"I liked it because you knew more or less what was coming in the exam," adding "many times professors put items in the exam that students don't understand."
Another second language student said the use of this strategy showed that the teacher recognized that students can make valuable input to the class. She put it this way,
"I thought it was a good idea because the teacher was taking us into account and is recognizing that we can also express our own ideas."
One of the most interesting findings of this study related to the validity of the tests themselves. Some of the questions that were running through this researcher's mind were the following: How valid are test items which the students write and then give to their classmates or take themselves? Would the students merely give away the answers to items they were writing to their classmates in the other groups? However, in the final analysis, this didn't seem to be a serious problem with either class. In fact, when asked if the test-writing activity was beneficial, the only negative reaction came from a student who in complete honesty replied, "Not as effective as it could have been because the groups did not share their items with other groups because of lack of time." Another student's comment reinforced my feeling that perhaps the strategy of knowing only some of the items in the test had a kind of "tease effect"; that is, it was an incentive to study for the items you didn't know. When asked if she liked test-writing, this student responded: "I loved it! When I prepared my exams I always made very difficult items. But my group mates wanted to make them easier. I didn't want them easy because we never knew how difficult the teacher's exam was going to be. I felt it was better to prepare yourself to the maximum so that you won't regret it later on."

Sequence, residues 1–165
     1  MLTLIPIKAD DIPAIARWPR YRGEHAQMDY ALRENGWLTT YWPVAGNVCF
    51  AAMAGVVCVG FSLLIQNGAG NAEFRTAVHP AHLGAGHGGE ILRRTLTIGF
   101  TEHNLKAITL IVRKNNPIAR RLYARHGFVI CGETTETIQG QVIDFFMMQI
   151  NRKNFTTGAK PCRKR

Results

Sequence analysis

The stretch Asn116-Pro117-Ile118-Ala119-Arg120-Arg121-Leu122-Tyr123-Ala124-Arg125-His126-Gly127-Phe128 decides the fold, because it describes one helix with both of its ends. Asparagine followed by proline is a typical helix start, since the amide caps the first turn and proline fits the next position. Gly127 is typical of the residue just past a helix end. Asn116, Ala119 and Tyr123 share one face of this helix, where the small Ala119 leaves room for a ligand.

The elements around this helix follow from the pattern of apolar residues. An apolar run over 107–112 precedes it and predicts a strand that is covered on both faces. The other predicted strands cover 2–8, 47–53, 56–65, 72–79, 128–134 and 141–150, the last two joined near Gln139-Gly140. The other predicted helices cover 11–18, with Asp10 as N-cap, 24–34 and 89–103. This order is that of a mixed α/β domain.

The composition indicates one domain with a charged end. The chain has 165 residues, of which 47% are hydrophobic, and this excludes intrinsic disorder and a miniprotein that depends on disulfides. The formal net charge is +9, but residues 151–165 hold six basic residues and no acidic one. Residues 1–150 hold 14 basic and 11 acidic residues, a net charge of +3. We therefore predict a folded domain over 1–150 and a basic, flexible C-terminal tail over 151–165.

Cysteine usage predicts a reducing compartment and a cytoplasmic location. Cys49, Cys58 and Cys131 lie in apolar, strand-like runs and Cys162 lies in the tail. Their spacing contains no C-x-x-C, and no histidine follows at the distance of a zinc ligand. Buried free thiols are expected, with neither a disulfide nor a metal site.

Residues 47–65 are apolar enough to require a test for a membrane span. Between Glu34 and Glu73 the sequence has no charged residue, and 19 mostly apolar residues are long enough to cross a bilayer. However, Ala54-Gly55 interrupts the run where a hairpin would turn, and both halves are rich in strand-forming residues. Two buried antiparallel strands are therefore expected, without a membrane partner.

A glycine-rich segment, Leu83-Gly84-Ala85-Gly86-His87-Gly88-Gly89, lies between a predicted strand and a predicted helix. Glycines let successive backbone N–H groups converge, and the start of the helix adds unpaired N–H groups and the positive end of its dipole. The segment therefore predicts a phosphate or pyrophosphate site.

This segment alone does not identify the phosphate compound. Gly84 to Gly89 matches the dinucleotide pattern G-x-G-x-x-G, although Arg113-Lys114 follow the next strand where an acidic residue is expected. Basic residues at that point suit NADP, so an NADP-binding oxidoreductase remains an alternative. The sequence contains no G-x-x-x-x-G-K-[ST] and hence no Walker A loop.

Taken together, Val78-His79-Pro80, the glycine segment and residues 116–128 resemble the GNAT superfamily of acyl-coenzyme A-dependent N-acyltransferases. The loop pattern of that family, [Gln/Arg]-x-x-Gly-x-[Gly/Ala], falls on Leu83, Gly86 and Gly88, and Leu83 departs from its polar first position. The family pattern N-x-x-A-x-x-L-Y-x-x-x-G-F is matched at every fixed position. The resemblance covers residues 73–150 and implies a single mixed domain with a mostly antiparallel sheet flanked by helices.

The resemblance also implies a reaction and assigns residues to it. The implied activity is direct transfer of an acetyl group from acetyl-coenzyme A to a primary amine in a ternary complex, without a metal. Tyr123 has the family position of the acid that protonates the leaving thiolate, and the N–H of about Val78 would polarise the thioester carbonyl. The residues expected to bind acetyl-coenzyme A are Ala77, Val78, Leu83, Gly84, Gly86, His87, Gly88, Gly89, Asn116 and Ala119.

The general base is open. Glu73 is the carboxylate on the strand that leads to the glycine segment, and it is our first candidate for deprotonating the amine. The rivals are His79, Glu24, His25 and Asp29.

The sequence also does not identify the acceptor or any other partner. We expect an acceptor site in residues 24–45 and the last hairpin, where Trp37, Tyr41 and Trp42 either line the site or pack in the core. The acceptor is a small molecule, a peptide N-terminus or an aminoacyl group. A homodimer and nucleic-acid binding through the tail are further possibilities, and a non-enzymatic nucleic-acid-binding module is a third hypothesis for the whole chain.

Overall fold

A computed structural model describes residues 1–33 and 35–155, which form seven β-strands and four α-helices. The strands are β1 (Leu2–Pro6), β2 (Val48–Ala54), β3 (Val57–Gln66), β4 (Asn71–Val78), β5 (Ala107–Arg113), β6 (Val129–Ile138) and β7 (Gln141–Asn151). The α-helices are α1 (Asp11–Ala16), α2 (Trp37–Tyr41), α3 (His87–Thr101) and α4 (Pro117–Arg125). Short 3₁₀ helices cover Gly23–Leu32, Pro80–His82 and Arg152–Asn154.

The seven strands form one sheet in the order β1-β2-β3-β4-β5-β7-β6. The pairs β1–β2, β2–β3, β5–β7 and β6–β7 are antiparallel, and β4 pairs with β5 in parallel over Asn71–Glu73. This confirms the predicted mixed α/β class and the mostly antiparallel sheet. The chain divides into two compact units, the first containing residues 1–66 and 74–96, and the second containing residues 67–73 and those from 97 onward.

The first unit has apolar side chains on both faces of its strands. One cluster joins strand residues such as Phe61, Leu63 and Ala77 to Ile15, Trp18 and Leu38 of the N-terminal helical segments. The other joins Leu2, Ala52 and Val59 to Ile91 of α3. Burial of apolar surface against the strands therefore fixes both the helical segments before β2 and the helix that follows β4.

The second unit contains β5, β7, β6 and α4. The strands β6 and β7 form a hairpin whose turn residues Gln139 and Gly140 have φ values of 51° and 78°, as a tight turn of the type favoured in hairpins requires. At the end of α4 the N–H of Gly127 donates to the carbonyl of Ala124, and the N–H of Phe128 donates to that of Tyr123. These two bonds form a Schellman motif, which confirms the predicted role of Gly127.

Students Positive to Peer Correction
The last question referred to the "peer correction" stage where students were asked to correct their exams after consulting classmates who wrote the items. The question was: "When you corrected your exams, did your classmates help you to understand your errors?" Here again both groups were positive to this approach with the only dissension coming from a few bilingual students with mixed feelings about the procedure. An ESL student wrote:
"Now that we see that we can learn by asking our friends, we don't have to depend so much on the professor."
A bilingual student, however, felt that giving and seeking advice at the same time was too demanding:
"My classmates helped me. But I didn't want to bother them too much because they also had difficulties and had to ask for help from other groups."